The Scottish government has decided to ban genetically modified crops to ensure Scotland maintains its ‘clean, green status’. This phrase, symbolic of what we are supposed to want to preserve, has not been defined, and we have no way of discerning exactly how it relates to the consequences of GM crops. Richard Lochhead, Cabinet Secretary for Rural Affairs and Scottish National Party Member, announced the policy as Scotland's stance, ahead of the government's request to be exempted from EU-authorised GM crops. None of the reasons given for the prohibition follow from the evidence we have about GM crops nor from countries’ experiences with them. One anti-GM-crop writer, Mike Small of Bella Caledonia, remarkably complained we are falling foul of an ‘expertocracy’ because of our ‘unswerving devotion to scientists’. He has also given a number of reasons why we should support the prohibition of GM crops in Scotland. Among those were that GM crops are a long-term economic disaster for farmers; do not increase yield potential; increase pesticide use; and have not been shown to be safe to eat. These claims are simply wrong.
If we take a look at a meta-analysis conducted last year of the impacts of genetically modified organisms we see that the agronomic and economic benefits of GM crops are large and significant. The positive feedback we hear from people in developing countries is reflected in the studies as we find that yield and profit gains are higher in developing countries than in developed countries. It concludes that, on average, GM technology has increased crop yields by 21%, reduced pesticide quantity by 37% and pesticide cost by 39%, and meant average profit gains of 69% for GM-adopting farmers.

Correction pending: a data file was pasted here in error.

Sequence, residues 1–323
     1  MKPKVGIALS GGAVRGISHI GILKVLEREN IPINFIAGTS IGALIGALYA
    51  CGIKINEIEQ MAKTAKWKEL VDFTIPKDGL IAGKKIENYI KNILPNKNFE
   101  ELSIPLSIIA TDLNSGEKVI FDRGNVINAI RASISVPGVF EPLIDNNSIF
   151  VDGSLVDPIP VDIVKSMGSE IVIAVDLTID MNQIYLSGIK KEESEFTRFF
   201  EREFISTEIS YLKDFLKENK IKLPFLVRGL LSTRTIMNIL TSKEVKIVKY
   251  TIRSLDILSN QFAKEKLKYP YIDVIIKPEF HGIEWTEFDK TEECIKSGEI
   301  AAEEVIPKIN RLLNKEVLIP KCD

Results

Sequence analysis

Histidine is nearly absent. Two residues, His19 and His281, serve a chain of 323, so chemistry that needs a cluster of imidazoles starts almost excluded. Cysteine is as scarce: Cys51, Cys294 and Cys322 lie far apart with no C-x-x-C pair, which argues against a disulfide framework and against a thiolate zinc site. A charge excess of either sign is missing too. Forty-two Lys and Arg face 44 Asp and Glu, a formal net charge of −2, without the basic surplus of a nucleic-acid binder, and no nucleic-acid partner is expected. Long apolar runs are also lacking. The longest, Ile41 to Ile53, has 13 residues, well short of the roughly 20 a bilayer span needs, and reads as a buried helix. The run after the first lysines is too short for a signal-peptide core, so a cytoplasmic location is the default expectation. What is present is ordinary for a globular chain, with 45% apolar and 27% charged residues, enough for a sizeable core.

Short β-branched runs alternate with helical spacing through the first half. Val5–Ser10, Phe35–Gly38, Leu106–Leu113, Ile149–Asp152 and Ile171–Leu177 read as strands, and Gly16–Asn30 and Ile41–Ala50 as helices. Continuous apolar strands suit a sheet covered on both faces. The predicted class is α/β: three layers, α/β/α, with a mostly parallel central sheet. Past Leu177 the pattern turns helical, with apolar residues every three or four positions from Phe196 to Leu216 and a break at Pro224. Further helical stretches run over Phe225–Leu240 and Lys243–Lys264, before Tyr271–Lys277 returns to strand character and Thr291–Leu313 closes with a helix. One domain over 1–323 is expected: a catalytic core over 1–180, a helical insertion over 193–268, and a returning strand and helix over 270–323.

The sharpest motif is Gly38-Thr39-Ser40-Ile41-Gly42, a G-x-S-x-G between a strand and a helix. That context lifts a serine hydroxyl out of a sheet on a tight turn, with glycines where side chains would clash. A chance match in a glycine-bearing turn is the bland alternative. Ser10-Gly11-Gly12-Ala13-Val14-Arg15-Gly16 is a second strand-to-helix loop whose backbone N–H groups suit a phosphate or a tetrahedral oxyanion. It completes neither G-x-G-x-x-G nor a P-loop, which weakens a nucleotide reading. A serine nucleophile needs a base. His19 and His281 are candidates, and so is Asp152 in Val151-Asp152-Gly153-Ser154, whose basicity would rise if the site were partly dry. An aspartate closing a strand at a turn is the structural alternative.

The World Health Organisation has verified that all GM foods available in the international market have passed safety assessments and are not likely to present risks for human health. People have been consuming them for decades in the United States and in 2014 GM crops made up 94% of soybean acreage, 93% of all corn planted, and 96% of all cotton. For as long as populations have consumed them no resulting effects on human health have been shown in the countries where they have been approved.
While farmers in the rest of the UK are looking to take advantage of GM technology, farmers in Scotland are concerned by the Scottish Parliament's backwards policy; spokespeople for the agricultural industry say it will impede their efficiency and competitiveness. They are right: Scottish farmers will not be capable of competing in the same market as their neighbours if shut off from technological advances just as other countries are adopting GM crops.
To give any credence to Mike Small and similar superstitious claims would be to completely go against accepted evidence and rationality. So if Scottish politicians follow through with the GMO prohibition without any credible counteracting evidence that it would be harmful for Scotland, it will not only hold the country back, but the boundaries of scientific research will be redefined and Scotland might lose its leading research experts to more supportive political environments.